In the latest edition of our series, we look back at this week in history and pick out a key moment from rugby’s archives.
This week appropriately ahead of the start of the November Tests, we go back to Twickenham in 2002 when England took on New Zealand.
NOVEMBER 9, 2002
England’s evolution into a world-leading side has been well documented. From their 1999 Rugby World Cup exit to successive Grand Slam failures, Clive Woodward’s side finally turned a corner in 2003, ending that year with a World Cup title.
But the foundations were laid long before that – putting the Grand Slam ghost to bed in 2003, and defeating New Zealand on their own turf for the first time midway through that same year.
The first building block was arguably put in place the November beforehand, when England took down New Zealand at Twickenham, a first win over the All Blacks for nine years.
The All Blacks had Jonah, but a whole host of top players were missing on that day in 2002 – the likes of Keith Lowen, Danny Lee and Sam Broomhall not exactly being household names.
What’s more, England were comfortably up 31-14 before Lomu’s second try and an effort from Lee set up a tense finish. Ben Blair, the future Cardiff Blues full-back, would have snatched the win were it not for a Ben Cohen try-saving tackle.
The aftermatch from an English perspective centred on how the All Blacks’ attack had troubled them, the work of their decoy runners “bordering on the illegal” according to defence coach Phil Larder.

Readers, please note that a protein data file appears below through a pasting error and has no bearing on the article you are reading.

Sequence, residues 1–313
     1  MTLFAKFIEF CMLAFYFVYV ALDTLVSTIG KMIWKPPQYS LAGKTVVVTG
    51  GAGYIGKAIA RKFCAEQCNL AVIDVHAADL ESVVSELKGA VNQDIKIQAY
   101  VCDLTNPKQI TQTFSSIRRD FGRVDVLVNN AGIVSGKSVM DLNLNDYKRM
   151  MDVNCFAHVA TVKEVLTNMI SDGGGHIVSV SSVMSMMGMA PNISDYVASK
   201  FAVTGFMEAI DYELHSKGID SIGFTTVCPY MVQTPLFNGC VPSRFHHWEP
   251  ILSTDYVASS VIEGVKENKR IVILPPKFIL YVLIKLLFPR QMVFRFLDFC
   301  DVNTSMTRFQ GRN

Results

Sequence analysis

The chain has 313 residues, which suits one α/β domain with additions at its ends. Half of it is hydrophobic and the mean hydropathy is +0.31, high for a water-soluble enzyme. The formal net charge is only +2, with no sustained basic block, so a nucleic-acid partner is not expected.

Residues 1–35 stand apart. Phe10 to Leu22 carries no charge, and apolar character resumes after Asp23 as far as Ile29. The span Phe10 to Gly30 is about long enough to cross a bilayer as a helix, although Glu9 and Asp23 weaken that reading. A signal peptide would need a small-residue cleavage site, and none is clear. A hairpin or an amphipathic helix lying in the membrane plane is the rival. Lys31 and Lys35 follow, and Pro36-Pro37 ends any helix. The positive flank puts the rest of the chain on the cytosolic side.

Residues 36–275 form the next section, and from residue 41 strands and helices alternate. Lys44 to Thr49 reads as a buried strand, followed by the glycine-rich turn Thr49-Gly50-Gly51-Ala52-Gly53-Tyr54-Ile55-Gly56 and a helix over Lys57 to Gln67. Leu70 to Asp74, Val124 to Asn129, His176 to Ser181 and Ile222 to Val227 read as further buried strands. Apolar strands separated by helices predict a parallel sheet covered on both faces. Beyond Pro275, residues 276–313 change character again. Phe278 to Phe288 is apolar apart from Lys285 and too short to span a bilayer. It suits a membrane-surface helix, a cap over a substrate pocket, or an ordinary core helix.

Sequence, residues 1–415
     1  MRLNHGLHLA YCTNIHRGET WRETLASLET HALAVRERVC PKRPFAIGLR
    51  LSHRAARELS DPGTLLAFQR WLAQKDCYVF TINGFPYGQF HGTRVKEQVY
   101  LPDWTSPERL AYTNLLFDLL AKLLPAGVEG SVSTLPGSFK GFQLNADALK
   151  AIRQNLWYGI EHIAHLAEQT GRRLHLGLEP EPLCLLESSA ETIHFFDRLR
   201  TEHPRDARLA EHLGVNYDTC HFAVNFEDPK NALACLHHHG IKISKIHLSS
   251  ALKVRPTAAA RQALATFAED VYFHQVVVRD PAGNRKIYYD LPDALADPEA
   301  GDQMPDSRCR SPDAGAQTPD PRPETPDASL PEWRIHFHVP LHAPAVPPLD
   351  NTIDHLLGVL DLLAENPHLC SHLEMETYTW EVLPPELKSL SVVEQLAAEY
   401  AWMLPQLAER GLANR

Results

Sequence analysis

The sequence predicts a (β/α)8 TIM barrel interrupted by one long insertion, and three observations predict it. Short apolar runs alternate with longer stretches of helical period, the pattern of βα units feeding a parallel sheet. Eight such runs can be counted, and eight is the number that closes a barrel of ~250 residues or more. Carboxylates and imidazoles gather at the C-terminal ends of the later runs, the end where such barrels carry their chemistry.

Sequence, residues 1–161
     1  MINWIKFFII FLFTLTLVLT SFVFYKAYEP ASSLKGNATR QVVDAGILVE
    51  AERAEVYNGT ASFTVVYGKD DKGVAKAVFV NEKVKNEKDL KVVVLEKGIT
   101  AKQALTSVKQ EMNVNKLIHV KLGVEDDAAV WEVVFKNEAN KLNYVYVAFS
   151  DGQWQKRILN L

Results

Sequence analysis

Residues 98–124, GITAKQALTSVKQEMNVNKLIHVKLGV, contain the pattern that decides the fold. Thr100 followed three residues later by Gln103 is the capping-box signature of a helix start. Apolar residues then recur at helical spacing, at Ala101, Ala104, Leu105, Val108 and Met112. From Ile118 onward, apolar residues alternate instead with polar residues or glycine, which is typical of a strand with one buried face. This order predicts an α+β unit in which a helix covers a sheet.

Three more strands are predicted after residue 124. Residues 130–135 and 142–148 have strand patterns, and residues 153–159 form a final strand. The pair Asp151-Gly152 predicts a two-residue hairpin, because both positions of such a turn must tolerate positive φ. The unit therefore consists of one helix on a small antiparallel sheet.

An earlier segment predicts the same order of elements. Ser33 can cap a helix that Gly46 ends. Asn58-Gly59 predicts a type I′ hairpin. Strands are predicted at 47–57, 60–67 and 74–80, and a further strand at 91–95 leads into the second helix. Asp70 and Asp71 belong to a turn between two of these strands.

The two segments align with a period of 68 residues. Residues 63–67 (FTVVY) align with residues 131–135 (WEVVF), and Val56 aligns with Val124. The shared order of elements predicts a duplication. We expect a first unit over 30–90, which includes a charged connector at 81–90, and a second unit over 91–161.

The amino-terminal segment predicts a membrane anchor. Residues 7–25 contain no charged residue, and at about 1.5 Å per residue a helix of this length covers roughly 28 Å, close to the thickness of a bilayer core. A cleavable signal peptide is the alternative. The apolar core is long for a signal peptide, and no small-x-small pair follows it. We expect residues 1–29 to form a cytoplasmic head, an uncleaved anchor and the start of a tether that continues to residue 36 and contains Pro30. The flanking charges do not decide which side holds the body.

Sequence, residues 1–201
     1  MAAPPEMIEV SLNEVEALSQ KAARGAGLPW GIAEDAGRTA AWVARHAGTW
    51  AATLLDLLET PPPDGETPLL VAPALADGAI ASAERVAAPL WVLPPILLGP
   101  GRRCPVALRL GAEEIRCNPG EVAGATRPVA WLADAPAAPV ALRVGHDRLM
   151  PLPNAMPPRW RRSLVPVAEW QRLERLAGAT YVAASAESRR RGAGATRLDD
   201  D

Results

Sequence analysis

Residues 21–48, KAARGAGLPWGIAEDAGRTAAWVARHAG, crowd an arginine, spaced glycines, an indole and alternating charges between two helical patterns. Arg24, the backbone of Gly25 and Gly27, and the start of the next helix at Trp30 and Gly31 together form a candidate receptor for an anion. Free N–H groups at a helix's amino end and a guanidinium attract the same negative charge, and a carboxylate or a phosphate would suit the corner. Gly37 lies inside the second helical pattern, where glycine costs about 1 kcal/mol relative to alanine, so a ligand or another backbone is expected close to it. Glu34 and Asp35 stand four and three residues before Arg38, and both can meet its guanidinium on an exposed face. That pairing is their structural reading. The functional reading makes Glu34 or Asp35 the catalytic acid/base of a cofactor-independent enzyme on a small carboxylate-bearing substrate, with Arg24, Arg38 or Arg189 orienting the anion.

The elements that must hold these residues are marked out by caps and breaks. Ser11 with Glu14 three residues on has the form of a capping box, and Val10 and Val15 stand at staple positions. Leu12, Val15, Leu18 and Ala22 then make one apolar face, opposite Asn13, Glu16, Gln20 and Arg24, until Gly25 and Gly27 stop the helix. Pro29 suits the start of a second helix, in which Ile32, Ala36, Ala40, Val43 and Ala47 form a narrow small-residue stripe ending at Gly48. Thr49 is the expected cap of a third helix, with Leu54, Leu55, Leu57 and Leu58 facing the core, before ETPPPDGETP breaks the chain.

The undoubted star of the show however was Wilkinson on a day where he scored 21 points, including that remarkable solo try when he spotted the lack of a full-back and chipped over the top of the defence to score by the posts.
Lomu, back at Twickenham again where he previously scored spectacular tries against France in the 1999 RWC, was as dangerous as ever out on the wing. Give him as much as space as England did for his first try, and there would only ever be one outcome.
Well-worked tries for Lewis Moody and Ben Cohen, the latter including an early ‘Ash Splash’ from the wing on his way to the line, had given England enough of a buffer, although it said plenty that they finished the match disappointed at having the let the All Blacks into the contest.
On their way to becoming the number one side in the world though, this was a vital stepping stone.
Tries: Cohen, Moody, Wilkinson
Cons: Wilkinson 2
Pens: Wilkinson 3
Drop Goal: Wilkinson
For New Zealand:
Tries: Howlett, Lomu 2, Lee
Cons: Blair 2, Mehrtens 2
England: 15 Jason Robinson, 14 James Simpson-Daniel, 13 Will Greenwood, 12 Mike Tindall, 11 Ben Cohen, 10 Jonny Wilkinson, 0 Matt Dawson, 8 Lawrence Dallaglio, 7 Richard Hill, 6 Lewis Moody, 5 Danny Grewcock, 4 Martin Johnson (c), 3 Phil Vickery, 2 Steve Thompson, 1 Trevor Woodman
Replacements: 16 Mark Regan, 17 Jason Leonard, 18 Ben Kay, 19 Neil Back, 20 Austin Healey, 21 Ben Johnston, 22 Tim Stimpson
New Zealand: 15 Ben Blair, 14 Doug Howlett, 13 Tana Umaga, 12 Keith Lowen, 11 Jonah Lomu, 10 Carlos Spencer, 9 Steve Devine, 8 Sam Broomhall, 7 Marty Holah, 6 Taine Randell (c), 5 Keith Robinson, 4 Ali Williams, 3 Kees Meeuws, 2 Andrew Hore, 1 Joe McDonnell
Replacements: 16 Keven Mealamu, 17 Carl Hayman, 18 Brad Mika, 19 Rodney So’oialo, 20 Danny Lee, 21 Andrew Mehrtens, 22 Mark Robinson
Referee: Jonathan Kaplan (South Africa)